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    @Denis de Bernardy: How is a "banana republic" containing economic development? In the purely literal sense, it would seem to contribute to economic development. Instead of pure subsistence agriculture, the BR exports something - bananas - to the US, which it wants but can't really produce itself. The BR gets money, which it can then exchange for US goods. How's that different from say the Japanese taking a large share of the US automobile market because they're able (or willing) to build better cars than US automakers?
    – jamesqf
    Commented Jul 24, 2019 at 18:02

(As this was asked during the Trump administration, I'll provide quotes from that time frame.)

Openly yes in some respects, namely "technological leadership", if restricting the flow of technology (especially towards China) qualifies as "containing the economic development", e.g. in 2020

the U.S. banned foreign companies from selling material to Huawei if they used any U.S. inputs – even very minimal U.S. inputs. That’s kind of a remarkable extraterritorial action on the part of the United States. It was aimed, by the way, at a Taiwanese semiconductor manufacturing company which is an important supplier of microchips designed by other companies. So the design might be Huawei’s own design, but TSMC makes it, but it could avoid doing business with Huawei in the future fearing American retribution.

And even mere participation of US companies in China (especially in the high tech sector) was seen as bad and a target for reduction:

A "vast expansion" in U.S. multinational business activity in China since 2000 may threaten American industrial competitiveness and long-term tech leadership, a new report by a congressional U.S.-China advisory commission found [...]

The U.S.-China Economic and Security Review Commission warned that rapid moves by U.S. companies away from manufacturing in China and into higher-value activities such as research and development could be "unwittingly enabling China to achieve its industrial policy objectives." [...]

"These industries ... may indirectly erode the United States’ domestic industrial competitiveness and technological leadership relative to China," it said, urging Congress to take steps to preserve U.S. innovative capacity and leadership.

And this was (openly) motivated by the fact that at least China was viewed as having political goals tied to its economic ones:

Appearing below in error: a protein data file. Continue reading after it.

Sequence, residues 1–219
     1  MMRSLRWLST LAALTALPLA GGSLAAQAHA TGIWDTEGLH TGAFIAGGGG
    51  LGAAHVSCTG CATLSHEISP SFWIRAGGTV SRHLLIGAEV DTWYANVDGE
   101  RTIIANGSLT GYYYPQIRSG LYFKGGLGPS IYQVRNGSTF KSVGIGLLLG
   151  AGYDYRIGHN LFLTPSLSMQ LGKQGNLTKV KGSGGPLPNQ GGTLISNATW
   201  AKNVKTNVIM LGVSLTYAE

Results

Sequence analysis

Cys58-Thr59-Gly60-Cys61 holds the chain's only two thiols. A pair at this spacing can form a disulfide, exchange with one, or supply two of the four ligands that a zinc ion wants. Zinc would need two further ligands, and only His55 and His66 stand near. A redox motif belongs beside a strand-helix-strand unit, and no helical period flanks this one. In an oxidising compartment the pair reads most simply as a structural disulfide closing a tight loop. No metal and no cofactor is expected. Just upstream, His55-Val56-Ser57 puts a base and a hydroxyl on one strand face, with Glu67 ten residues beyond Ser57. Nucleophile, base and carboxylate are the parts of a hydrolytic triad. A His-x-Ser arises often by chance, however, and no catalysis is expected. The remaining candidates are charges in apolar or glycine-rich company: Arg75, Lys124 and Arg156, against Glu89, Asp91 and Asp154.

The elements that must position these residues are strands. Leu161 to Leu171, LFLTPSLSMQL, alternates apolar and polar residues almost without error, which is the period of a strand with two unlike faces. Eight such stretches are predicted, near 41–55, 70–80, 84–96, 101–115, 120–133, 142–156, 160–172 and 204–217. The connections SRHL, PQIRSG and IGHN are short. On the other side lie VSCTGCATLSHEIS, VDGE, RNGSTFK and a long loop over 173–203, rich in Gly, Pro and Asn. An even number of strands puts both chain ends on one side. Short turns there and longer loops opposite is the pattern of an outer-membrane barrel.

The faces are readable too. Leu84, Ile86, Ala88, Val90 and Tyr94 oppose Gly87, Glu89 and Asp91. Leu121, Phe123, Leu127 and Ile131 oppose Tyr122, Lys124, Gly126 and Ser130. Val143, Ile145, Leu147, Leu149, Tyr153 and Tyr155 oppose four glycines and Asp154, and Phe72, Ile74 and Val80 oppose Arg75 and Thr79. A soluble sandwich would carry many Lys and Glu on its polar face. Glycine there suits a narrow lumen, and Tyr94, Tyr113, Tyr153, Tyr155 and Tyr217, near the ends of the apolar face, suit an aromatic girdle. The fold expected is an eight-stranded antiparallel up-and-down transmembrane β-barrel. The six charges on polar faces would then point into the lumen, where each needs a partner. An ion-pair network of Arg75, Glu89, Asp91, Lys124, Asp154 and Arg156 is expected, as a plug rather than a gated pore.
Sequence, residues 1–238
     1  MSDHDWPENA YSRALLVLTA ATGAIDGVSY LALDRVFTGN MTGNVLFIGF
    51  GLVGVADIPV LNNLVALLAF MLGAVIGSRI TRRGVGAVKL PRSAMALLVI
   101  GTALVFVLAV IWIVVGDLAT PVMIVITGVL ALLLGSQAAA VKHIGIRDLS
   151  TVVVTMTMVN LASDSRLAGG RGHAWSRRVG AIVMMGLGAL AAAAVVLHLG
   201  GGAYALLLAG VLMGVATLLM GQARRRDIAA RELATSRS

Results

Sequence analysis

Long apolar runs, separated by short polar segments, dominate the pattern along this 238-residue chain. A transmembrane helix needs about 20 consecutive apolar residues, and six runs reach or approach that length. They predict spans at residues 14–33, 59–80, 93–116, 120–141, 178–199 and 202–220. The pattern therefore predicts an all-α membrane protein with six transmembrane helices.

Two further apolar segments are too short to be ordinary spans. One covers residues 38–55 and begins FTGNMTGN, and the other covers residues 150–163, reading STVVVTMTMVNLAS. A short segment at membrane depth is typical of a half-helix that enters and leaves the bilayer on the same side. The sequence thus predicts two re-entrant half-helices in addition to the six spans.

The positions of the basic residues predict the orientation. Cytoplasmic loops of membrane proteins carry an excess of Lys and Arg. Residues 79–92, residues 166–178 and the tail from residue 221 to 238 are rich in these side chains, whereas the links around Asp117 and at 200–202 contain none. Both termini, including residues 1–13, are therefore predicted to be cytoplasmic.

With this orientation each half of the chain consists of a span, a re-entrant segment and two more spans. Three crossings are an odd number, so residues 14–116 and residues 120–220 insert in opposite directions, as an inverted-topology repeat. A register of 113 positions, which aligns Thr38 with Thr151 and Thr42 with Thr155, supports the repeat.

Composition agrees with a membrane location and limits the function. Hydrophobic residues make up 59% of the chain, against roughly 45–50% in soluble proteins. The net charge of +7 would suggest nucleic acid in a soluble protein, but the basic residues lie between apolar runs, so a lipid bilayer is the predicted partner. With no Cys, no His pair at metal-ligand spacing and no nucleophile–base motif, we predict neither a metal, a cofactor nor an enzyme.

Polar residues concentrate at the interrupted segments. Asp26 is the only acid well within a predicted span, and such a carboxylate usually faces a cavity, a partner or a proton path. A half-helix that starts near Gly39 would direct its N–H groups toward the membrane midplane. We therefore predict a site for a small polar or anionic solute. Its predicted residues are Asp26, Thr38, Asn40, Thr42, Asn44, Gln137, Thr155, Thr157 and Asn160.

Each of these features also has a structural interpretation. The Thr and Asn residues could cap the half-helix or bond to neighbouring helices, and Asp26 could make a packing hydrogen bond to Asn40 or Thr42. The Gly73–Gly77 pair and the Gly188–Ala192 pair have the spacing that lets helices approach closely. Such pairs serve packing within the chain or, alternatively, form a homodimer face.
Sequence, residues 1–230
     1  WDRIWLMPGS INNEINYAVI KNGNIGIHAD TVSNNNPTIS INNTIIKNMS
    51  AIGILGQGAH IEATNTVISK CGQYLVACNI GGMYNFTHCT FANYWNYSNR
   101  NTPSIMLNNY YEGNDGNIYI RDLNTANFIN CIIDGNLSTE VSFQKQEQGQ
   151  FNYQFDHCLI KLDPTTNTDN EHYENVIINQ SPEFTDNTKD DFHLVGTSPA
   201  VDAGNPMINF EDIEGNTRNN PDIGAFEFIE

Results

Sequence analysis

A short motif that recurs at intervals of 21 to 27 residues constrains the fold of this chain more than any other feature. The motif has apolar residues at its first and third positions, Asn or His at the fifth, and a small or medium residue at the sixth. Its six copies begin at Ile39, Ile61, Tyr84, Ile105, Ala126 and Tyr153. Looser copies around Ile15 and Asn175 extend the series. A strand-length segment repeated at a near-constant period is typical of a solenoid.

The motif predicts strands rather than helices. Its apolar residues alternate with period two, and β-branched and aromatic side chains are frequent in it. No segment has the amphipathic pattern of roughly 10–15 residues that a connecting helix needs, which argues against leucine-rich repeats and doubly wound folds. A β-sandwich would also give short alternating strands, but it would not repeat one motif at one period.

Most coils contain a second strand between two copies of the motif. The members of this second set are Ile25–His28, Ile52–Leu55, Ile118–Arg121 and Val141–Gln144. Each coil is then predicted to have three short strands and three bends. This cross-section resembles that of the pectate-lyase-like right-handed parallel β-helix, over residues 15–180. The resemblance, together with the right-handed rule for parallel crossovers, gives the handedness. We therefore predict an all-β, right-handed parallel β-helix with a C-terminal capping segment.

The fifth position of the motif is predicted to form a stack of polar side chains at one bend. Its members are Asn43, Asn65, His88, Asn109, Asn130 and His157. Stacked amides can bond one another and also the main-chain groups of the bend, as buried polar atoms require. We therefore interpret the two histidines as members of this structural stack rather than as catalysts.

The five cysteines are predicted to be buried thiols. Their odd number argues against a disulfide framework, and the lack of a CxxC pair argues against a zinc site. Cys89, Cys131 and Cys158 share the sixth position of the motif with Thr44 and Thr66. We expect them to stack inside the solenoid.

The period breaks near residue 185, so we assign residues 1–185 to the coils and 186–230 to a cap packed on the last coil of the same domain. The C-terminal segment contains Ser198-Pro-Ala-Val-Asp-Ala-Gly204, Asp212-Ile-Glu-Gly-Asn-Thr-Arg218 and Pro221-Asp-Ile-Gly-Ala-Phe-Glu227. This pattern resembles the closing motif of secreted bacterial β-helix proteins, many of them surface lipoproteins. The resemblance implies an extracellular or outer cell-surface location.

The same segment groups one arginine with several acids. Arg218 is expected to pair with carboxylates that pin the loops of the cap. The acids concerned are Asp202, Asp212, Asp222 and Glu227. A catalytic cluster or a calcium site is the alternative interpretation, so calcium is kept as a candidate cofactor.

“The Chinese have long been a commercial people, but for China, purely economic success is not an end in itself,” Attorney General William P. Barr said in a speech this month. “It is a means to wider political and strategic objectives.”

And even some trade advisers from prior administrations agreed that a trade reduction for the goal of preserving US technological advantage was worth it:

“You can’t avoid paying that price,” said Clyde Prestowitz, a former Reagan administration official who led trade negotiations with Japan and China. “Your only choice is to pay it now or later. Now, you still have a cutting-edge industry that will take a hit, but that can survive and prosper if high tech does not become a Chinese playground.”

This should not be a surprise because e.g. the DOD said (in the same time frame) the obvious thing that:

America's economic and military dominance lies in innovation.

N.B. there has been some argument (from Trump administration) that China is not a developing country anymore, so in their view this restriction wasn't towards a developing country...



The USA, following its ideology of neoliberalism, or market fundamentalism, relaxed the rules of capital flows. Hence capital flowed to where there was a large pool of cheap labour.

This recently was China. China has obviously benefited enormously from this, having lifted, by all accounts, 750 million from poverty and turned itself into a global economic powerhouse which is attempting a neo-Keynisian policy of lifting up the developing world with its Belt & Road initiative.

Note, none of this was from altruism on the part of the USA. They were simply going for the cheapest labour. Now that China has developed into an economic rival, and also importantly, a technological rival, the USA, beginning from the Trump administration, is attempting to corral in China.